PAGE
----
Of course, the myriad fraudulent schemes (using derivatives and other means) to hide the problems of Greece, Italy and other countries are still continuing to some extent. And the size of the too big to fails means they can take down companies or nations using high-frequency trading, short-selling, credit default swaps and other means. Indeed, Jim Rickards argues that the bailout won’t really help because “Goldman can create shorts faster than Europe can print money”.

Therefore, without fundamental reform of the financial system, there can be no true and lasting European recovery.

Indeed, the fact that China coordinated its big cut in reserve requirements on the same day that the big Western central banks and Japan extended swap lines shows the magnitude of panic among world economic leaders.

Is history repeating?

But At Least a Handful of Insiders Will Make Out Like Bandits

Jim Quinn writes:

When you see such coordinated action by all the major Central Banks in the world, you know the situation is much worse than you are being told by the ruling oligarchy. The confidence and trust is gone. Every major bank in the world is insolvent, whether it be in the U.S., Europe or China. These Central Banks are owned and controlled by the very banks they are bailing out. They are telling you they have it under control. They do not. They have lost control. The debt is too great and will destroy the economic system of the world.

This is a last ditch effort by those in power to grab the last vestiges of middle class wealth. The stock market will soar today, benefitting bankers, politicians, and the 1%. They have solved nothing. The debt remains. The debt will not be paid.

Oil, food and commodity prices immediately soared on this announcement. Again, the wealthy will get richer and the average American will be destroyed by inflation on the things they need to live. The game goes on.

Indeed, just as with Hank Paulson’s little tip to the big boys – which is nothing new – some insiders probably made a killing by being tipped off about the swap lines. See this and this.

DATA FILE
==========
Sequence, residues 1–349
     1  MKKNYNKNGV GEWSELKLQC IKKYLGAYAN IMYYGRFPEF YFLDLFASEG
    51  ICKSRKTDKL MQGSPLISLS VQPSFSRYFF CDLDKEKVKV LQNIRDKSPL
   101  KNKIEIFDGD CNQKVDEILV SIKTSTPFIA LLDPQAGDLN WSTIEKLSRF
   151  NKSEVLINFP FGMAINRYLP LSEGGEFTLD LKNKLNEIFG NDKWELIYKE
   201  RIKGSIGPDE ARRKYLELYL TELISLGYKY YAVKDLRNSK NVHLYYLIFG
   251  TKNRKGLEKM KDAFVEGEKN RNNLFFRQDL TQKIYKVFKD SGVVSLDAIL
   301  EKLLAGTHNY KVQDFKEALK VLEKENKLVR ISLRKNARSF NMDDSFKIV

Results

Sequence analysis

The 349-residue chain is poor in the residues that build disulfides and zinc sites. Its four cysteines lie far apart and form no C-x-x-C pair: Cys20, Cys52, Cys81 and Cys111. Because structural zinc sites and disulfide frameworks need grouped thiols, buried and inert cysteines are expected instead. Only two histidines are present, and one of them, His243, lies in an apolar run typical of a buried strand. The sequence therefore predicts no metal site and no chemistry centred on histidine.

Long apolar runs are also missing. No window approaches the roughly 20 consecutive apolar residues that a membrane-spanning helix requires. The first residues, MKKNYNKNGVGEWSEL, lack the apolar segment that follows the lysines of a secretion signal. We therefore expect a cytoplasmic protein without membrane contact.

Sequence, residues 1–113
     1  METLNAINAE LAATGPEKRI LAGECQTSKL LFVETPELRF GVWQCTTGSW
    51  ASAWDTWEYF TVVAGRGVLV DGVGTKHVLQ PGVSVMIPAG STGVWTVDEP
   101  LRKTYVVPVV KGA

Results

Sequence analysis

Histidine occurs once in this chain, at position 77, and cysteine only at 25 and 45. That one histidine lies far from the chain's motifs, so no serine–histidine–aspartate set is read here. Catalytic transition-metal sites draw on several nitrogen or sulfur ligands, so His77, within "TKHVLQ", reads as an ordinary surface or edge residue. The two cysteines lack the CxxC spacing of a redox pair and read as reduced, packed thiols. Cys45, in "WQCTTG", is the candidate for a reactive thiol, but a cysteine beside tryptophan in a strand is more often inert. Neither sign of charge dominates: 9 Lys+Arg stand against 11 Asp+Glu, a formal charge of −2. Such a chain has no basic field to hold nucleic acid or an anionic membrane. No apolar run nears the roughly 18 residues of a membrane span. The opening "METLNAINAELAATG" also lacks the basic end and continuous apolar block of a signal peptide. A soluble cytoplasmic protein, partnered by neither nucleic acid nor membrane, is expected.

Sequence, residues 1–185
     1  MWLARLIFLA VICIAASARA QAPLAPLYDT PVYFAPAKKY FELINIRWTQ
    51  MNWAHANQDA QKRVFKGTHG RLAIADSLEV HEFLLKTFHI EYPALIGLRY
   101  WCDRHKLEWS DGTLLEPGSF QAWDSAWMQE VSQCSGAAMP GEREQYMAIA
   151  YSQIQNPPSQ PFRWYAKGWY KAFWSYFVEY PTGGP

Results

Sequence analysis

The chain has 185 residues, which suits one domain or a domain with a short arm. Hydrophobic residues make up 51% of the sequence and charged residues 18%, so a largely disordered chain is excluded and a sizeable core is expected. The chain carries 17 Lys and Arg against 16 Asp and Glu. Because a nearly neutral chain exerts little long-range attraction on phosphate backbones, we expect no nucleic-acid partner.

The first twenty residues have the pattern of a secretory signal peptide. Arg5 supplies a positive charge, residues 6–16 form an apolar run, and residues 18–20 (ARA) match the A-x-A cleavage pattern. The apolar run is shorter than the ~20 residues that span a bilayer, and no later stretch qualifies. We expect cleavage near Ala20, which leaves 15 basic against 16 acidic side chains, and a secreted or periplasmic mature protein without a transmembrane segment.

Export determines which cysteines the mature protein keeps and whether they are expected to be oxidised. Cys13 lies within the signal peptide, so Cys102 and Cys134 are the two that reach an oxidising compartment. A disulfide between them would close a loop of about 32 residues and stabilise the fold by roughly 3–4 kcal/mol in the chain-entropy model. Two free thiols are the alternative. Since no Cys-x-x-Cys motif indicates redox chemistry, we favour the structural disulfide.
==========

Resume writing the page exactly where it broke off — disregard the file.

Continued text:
This isn’t a financial crisis … it’s a bank robbery....



Is there even any chance left to reverse all this Financial Mayhem since 2000, without a Zioconned world war?


Is there even any chance left to reverse all this Financial Mayhem since 2000, without a Zioconned world war?

What's this? - China going bankrupt faster than U.S.?

Economic planning expert says implosion could drag America down....LOL

How about the 16.5 $ Trillions, the US ZOG owes...and its $ 200 Trillions of unfunded Liabilities coming due within the next 25 years....???

  • China's debt is about $36 trillion yuan (or $5.68 trillion USD). This number is astronomical considering that it is just a little more than one-third of the U.S. total debt, but the difference between the U.S. and China is that the U.S. national income per capita is $47,140, whereas China's national income per capita is $4,260 – not even one-tenth of the U.S. amount. To be on par with the U.S., China's total debt should be around $1.5 trillion USD, but it is three times that! Considering that the U.S. has an unsustainable debt position, China's is ridiculously out of control and puts that country in extreme danger of a financial collapse of epic proportions.
  • China's officially published interest rate of 6.2 percent is fabricated. In reality China's inflation is 16 percent. This is eerily similar to the United States as well. The U.S. official inflation of around 3 percent is nowhere close to unofficial inflation estimates of 10-13 percent. What does this mean for China? This means that cost of living, wages and cost of goods sold in China will have to rise, and instead of exporting deflation, China will be exporting higher priced goods, thus affecting the rest of the world that purchases its goods. The world is on the verge of an inflationary cycle like we have never seen. Additionally, central banks around the globe are printing money on a massive scale to try to stimulate liquidity and spending (this is the definition of inflation!). Add to this a rising price structure in China, the major exporter to the world, and we could be preparing for a global hyperinflation.



  • Excess capacity in the economy and private consumption is only 30 percent of economic activity. Of course this is the case, as China's population is extremely poor and China is an exporting nation. The vast majority of its goods should not be private consumption. But, what the excess capacity indicates is that there is a global economic slowdown. Since China's growth is dependent on the rest of the world purchasing its goods, a global recession does not bode well for China's economic future.
  • China's officially published GDP growth of 9 percent is fabricated. The real number is a negative 10 percent! China's robust GDP has always been a pipe dream, as the country has been building infrastructure (railroads, highways and real estate development – including ghost cities). Since personal spending is only 30 percent of China's GDP, roughly 70 percent of China's GDP can be attributed to this massive build-up. It will dry up, as has already started. The regime is about to be exposed, as people are starting to wake up to the fact that the "emperor has no clothes."